Sunday, November 11, 2007

Rationing in the time of Plenty

Most folks know that during WWII there was rationing of certain household staples, like sugar. During the War, people understood the necessity to reduce, to reserve things for special uses, to plant a Victory Garden as a means of self-sufficiency, to do without because they had to and it was the right thing to do.

That certainly isn't the case anymore. Nobody of any means, or even those folks without means but with credit, does without. Candy isn't just on Halloween or holidays anymore, cakes aren't just for birthdays or celebrations, roast isn't just on Sundays. If you want it, you can get it, whenever you want.

So is this a good thing? On the one hand, people have access to comforts that make life more pleasant, more enriching, which arguably is a benefit. On the other hand, we don't respect the specialness of anything because we have it all the time. I realize that this train of thought leads into my previous thoughts on Patience, but it is more about observing the landscape within than the changes outside.

I've always been Instant-Gratification girl, because I do believe life to be "brutish and short". You gotta take your happiness where you can get it, eat dessert first, get those great shoes before they are sold out, yadda yadda yadda. I'm all about Seize the Day. But I'm beginning to think that the philosophy of the Dead Poets Society really only works if you are on the short term track. Life is a long-haul, at least theoretically, so perhaps burning through all the fuel early on isn't the best idea (how's that for some mixed metaphors).

Ok, so what does all this rambling mean exactly? Well, I'm not totally sure. I'm wrestling with some gators right now - gators that keep me up at night, that make me wonder if I am doing what is Easy, or doing what is Right, gators that question my Live for Today kind of thinking. I think that I've made some choices along Life's road that were the equivalent of bingeing on candy because it tasted so good; now I have the sugar hang-over and the tummy ache. Things that taste sweet now can leave a bad taste in your mouth later. Rationing the sugar of our lives rather than bingeing on whatever tastes sweet in the moment, seems a bit more wise to me. What is the Sugar? I think it is different for everyone. For some people, it is materialistic crap. For others, it is hanging onto things, people, places that just aren't good for them.

Part of my journey into making a Home is about cutting back on this Sugar. Like all cravings, it makes it difficult to do without it - at first. But time will help with that, I'm sure. If I ration the Sugar and leave room for other, truly sweet things to take its place, I think my home will be a more satisfying place for everyone. All this sweetness ruins my appetite for what is real.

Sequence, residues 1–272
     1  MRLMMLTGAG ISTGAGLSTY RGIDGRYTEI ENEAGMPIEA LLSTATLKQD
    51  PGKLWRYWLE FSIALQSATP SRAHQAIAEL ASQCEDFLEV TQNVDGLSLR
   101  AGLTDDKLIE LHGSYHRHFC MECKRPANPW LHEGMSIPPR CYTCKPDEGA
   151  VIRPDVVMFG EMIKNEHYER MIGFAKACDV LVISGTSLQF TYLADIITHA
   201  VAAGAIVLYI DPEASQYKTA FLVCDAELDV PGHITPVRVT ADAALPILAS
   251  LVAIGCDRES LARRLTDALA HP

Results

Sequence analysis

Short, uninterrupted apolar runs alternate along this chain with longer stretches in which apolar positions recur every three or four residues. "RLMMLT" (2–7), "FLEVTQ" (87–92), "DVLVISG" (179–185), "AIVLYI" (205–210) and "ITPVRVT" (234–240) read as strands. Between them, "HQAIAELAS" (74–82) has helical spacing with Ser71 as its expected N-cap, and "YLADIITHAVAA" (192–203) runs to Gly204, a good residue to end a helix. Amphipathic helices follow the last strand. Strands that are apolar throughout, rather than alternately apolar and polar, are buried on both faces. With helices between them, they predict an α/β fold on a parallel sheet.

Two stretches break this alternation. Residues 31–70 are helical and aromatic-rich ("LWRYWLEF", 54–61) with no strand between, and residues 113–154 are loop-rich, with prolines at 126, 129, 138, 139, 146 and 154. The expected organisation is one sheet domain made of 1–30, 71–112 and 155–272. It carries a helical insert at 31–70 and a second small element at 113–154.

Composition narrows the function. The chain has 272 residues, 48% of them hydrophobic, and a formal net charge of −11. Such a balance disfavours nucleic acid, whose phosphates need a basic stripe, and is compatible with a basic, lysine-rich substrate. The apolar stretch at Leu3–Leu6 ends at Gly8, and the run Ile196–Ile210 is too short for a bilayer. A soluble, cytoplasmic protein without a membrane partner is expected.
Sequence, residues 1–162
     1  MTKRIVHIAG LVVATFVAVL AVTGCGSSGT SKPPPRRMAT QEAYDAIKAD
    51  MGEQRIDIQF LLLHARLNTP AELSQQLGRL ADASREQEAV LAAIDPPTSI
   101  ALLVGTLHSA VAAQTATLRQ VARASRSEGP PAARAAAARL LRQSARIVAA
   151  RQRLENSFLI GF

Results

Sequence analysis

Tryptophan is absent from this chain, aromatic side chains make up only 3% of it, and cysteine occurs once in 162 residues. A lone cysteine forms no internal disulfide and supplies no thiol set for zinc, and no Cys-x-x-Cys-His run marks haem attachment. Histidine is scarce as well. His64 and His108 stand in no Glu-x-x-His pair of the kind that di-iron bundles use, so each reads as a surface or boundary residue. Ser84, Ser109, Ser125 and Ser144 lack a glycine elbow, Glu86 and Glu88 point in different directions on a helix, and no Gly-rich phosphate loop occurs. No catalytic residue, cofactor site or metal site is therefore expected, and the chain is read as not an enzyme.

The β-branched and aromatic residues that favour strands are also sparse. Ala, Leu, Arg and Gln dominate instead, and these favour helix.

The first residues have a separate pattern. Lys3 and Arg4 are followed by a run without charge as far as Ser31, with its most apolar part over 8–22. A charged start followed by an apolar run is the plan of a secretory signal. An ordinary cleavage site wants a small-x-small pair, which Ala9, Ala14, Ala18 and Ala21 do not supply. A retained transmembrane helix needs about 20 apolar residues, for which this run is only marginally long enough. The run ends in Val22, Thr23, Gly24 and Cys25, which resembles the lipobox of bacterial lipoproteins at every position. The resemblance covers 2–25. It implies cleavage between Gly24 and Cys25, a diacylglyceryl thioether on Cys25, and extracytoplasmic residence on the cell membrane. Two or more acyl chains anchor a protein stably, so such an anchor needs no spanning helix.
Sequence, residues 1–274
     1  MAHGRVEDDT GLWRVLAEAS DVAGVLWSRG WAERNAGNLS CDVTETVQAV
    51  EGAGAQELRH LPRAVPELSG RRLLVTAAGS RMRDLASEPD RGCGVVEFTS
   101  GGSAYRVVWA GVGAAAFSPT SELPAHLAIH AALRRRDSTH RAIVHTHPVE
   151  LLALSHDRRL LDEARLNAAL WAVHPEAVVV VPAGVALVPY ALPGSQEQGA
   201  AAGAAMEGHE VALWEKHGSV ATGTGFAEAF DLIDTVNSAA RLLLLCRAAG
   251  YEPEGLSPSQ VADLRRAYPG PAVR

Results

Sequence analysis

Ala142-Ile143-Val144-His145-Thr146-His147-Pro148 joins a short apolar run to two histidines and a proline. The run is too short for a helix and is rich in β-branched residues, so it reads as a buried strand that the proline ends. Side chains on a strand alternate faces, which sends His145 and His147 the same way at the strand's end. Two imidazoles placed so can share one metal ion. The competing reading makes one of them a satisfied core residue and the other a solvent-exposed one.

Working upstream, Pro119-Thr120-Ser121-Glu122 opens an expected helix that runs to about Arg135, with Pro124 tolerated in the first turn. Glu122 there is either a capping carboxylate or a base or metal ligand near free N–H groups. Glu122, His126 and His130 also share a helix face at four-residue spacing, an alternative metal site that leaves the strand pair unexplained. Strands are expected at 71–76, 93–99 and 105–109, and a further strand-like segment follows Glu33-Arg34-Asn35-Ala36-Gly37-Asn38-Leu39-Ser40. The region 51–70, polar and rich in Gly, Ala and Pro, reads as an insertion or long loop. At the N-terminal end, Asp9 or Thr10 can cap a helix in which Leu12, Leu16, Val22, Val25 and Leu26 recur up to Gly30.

Anonymous said...

Okay, not only are you fantastic and I want to put you in my pocket but you are right. And boy howdy so I have that same sweet tooth sister. Oh I could just squench you to pieces right now.

Sling said...

A little deprivation builds character.
My room mate's family comes over for dinner frequently,and none of them have ever had "leftovers" in their life!Each time,it's cook enough food to feed an army,and throw out what doesn't get eaten.I do my best to utilize the leftovers,but I can't keep up...It's absolutely infuriating!
I know there's a more philosophical point in your post.A point that I personally embrace.
I think that if these people ever had to do without,they mighy appreciate what they have.

Speck said...

I, for one, highly recommend the Spartan life. Hubby and I self-inflicted it on ourselves seven years ago by moving from a 2700 sq. ft. house to an 850 sq. ft. one along with an income reduction of 60%. We shed 25 years of material accumulations and ya know, we don't miss them a bit. Having all that "stuff" created clutter and stress. Unless something is absolutely essential to daily living, it doesn't get to stay in my house.

On the "Live for Today" thing, my philosophy is, "Live like you're going to die tomorrow, and plan (financially) like you're going to live forever." Tell those folks you love that you love 'em every time you speak, and avoid toxic people who do not love you for who you are. Instead of buying something that catches your eye, put the money in the bank to pay for your future nursing home care. In the Spartan life, something as basic as the purchase of new dishcloths can be the highlight of the month.

Sorry for the long ramble, but your post really struck a chord. I get all excited when I think someone is on the verge of simplifying their life and reorganizing priorities. YES, it can be done, and YES it can be glorious. Good luck with your gater wrestlin'. I'll be cheering for ya from afar!

By the way, I did keep two "Sugars" that aren't essential to daily living: a trunk of art supplies and my computer. I could probably give up the computer, but my soul would die if I could not draw and paint.

Lorraine said...


Mom said...

I think you are fantastic! I always have enjoyed reading anything you wrote. You have a delightful sense of humor and good old fashioned common sense. Keep up entertaining the internet crowd.